Redskins want to add continuity to playbook


ASHBURN, Va. - Excuse Washington Redskins linebacker LaVar Arrington if he's a little suspicious of all the talk about this football team staying intact for next season.

After all, Arrington has been coached by five different defensive coordinators, watched the franchise trade away four-time Pro Bowl cornerback Champ Bailey, and, in just his fifth year as a pro, reigns with offensive tackles Jon Jansen and Chris Samuels as the longest-tenured players still picking up paychecks at Redskins Park.

So when Arrington was asked yesterday what he expected Washington to do this offseason, he sounded a little morose.

"I don't know. I'm part of the Redskins organization so that means anything can happen," Arrington said. "I'll just sit back and wait."

Arrington's hesitation is not unfounded. After the end of last year, coach Steve Spurrier, who had completed two years of a five-year deal with the franchise, abruptly resigned. The team eventually said goodbye to Bailey and 10 other starters from last season's 5-11 squad.

But coach Joe Gibbs, who finished 6-10 in his first season back with the team, pledged to do what he could to retain what he frequently referred to as a "core group" of players.

"I am convinced we can keep that group," Gibbs said. "We're committed to doing that. We're not going to lose people. That's our commitment."

Gibbs' task this offseason will be multi-faceted. First, Gibbs said he will sit down with team owner Daniel Snyder and vice president of football operations Vinny Cerrato by the end of the week and lay out a depth chart of players for next season's team.

Then the brain trust will tackle trying to re-sign players who will become free agents on March 2. Cornerback Fred Smoot represents the team's toughest challenge, as the fourth-year pro spent part of last week backtracking from previous statements expressing optimism about staying in Washington.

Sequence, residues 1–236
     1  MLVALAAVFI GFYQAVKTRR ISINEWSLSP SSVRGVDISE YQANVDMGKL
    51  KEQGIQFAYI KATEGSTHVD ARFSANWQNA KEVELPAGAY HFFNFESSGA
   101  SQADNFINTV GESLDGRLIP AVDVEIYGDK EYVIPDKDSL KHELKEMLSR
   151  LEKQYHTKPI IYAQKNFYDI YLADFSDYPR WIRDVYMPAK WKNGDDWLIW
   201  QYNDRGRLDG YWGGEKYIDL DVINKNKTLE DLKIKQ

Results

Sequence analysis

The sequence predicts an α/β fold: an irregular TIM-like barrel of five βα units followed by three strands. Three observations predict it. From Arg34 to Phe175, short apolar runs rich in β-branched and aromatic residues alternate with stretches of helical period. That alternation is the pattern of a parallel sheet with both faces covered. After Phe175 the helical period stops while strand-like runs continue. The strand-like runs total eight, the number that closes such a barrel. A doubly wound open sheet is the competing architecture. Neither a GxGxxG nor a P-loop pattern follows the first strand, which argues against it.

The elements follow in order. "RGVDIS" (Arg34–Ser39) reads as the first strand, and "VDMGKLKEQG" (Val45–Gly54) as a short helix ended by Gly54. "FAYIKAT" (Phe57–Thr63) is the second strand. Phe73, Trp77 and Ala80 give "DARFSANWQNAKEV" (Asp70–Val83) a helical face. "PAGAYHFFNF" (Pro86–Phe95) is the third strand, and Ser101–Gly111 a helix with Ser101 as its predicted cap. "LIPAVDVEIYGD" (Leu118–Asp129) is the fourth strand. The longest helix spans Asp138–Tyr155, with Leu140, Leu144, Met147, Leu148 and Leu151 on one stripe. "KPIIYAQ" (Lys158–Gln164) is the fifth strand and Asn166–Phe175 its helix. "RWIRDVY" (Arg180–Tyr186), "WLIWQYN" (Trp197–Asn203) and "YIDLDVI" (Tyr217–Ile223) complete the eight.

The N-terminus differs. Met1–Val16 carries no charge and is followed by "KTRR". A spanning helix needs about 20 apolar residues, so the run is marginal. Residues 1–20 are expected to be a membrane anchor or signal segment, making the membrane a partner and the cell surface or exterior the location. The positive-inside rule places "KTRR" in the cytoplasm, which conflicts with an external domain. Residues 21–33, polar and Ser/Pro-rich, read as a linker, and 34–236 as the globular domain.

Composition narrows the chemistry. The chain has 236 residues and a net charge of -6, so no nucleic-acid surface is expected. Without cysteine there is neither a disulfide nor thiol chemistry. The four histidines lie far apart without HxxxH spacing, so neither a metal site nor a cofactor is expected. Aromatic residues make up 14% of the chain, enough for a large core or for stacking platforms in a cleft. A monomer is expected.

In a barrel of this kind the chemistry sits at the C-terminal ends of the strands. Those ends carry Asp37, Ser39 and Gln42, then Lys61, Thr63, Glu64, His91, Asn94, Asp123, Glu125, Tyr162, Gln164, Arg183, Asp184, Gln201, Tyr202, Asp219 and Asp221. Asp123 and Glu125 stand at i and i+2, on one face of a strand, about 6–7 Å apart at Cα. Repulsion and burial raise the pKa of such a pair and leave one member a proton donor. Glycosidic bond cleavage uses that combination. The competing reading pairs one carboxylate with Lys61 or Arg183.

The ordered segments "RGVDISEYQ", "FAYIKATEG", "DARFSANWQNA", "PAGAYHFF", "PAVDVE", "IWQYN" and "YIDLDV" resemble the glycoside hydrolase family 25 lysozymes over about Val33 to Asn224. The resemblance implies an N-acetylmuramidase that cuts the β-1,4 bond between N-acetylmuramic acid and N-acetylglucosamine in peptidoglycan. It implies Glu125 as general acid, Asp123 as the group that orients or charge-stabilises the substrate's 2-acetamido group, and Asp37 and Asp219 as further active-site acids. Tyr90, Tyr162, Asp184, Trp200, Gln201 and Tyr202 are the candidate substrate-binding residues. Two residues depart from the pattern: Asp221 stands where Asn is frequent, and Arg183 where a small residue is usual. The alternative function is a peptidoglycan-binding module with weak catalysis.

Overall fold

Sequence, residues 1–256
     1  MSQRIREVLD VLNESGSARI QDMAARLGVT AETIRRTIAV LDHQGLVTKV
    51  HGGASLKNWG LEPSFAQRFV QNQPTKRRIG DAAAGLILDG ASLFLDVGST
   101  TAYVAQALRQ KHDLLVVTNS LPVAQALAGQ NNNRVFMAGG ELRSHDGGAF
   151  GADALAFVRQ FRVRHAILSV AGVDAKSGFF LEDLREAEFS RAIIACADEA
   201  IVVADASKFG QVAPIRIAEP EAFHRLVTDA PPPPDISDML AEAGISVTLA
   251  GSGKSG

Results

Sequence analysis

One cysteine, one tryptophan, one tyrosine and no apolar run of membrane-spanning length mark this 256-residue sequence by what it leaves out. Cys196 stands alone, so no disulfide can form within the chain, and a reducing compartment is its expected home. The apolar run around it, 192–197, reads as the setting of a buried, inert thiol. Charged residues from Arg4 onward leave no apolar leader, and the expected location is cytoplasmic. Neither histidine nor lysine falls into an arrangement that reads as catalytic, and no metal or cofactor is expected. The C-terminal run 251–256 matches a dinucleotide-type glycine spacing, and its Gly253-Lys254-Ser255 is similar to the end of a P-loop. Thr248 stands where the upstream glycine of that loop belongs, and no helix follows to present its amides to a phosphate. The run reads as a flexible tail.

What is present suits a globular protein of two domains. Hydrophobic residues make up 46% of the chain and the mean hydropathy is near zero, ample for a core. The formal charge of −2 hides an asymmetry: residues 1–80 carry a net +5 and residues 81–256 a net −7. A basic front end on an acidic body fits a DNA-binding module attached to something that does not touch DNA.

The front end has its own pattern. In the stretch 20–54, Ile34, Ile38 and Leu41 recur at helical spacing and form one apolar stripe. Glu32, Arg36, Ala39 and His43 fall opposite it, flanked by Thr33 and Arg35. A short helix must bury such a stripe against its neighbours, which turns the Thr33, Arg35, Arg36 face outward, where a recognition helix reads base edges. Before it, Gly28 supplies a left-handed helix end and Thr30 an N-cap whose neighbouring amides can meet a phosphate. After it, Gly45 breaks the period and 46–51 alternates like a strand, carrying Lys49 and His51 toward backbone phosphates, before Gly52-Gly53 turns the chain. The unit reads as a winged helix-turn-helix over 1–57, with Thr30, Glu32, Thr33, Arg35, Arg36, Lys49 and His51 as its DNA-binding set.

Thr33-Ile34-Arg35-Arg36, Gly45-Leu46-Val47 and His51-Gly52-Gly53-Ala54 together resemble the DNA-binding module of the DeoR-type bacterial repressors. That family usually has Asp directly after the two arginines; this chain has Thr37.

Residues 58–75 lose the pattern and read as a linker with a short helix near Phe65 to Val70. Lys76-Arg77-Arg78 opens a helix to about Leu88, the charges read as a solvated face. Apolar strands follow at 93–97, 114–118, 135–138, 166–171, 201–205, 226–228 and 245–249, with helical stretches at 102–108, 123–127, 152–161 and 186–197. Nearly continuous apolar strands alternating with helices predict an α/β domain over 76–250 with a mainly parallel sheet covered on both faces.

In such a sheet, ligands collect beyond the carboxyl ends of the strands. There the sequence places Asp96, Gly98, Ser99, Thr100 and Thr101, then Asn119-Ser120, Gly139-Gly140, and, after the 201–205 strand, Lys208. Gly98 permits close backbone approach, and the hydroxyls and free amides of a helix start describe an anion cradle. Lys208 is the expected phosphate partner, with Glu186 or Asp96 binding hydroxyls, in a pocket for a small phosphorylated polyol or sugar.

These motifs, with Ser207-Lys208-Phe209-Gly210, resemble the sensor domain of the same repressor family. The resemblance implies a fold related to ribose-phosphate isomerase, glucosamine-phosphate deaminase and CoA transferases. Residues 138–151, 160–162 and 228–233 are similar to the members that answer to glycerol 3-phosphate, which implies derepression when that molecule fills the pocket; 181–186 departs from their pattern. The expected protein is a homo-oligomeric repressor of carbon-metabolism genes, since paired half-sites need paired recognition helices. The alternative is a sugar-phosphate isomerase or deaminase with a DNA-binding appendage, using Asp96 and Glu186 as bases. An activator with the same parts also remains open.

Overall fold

Middle linebacker Antonio Pierce, who led the team in tackles with 158 and made Redskins fans forget about free-agent acquisition Mike Barrow, has said his agent is already negotiating with team officials about a new contract. Linebacker Lemar Marshall, who started the last 14 games in place of Arrington, is a restricted free agent, which means that the organization can match any offer submitted by another team.

Questions surrounding Samuels and wide receiver Rod Gardner will have to be addressed. Samuels, who enters the final year of a seven-year, $49 million deal, will be a significant hit to the team's salary cap, but Samuels said yesterday that he is willing to rework his contract to stay in Washington.

The Redskins used the 15th overall pick of the 2001 draft to select Gardner, but he registered just one game in 16 starts with at least seven catches and just two with more than 100 receiving yards.

When the draft rolls around on April 23, the team could use its first-round choice (ninth overall) on a wide receiver or a pass rusher to supplement a defense that assistant head coach-defense Gregg Williams molded into the league's third-stingiest unit (267.6 yards a game).

At least there won't be any controversy at quarterback. Patrick Ramsey, who guided the team to a 3-4 record in his seven starts, earned Gibbs' vote of approval after a Week 15 victory over the San Francisco 49ers.

Running back Clinton Portis will have another year to adapt to Gibbs' run-heavy system, and Gibbs will spend the offseason retooling the offensive schemes that led to the team's worst offensive punch since the NFL went to a 16-game schedule for the 1978 season.

"I'm excited because we didn't have the production we wanted on offense, but I think that's something that we can fix," Gibbs said. "The next six months will be hugely important for us. ... I think it's going to take a lot of hard work, but I'm excited about it."

NFL playoffs

Wild-card games

(Line in parentheses)


NFC: St. Louis at Seattle (-4), 4:30 p.m., chs, 2, 7 AFC: N.Y. Jets at San Diego (-6), 8 p.m., chs. 2, 7


AFC: Denver at Indianapolis (-10), 1 p.m., chs. 13, 9 NFC: Minnesota at Green Bay (-6), 4:30 p.m., chs. 45, 5

Divisional games

Jan. 15

AFC: San Diego, N.Y. Jets or Denver at Pittsburgh, 4:30 p.m., chs, 13, 9 NFC: Green Bay, Seattle or St. Louis at Atlanta, 8 p.m., chs. 45, 5

Jan. 16

NFC: Seattle, St. Louis or Minnesota at Philadelphia, 1 p.m., chs. 45, 5 AFC: Indianapolis, San Diego or N.Y. Jets at New England, 4:30 p.m., chs, 13, 9

Conf. championships

Jan. 23

NFC: 3 p.m., chs. 45, 5 AFC: 6:30 p.m., chs. 13, 9

Super Bowl

Feb. 6

At Jacksonville, Fla., 6 p.m., chs. 45, 5

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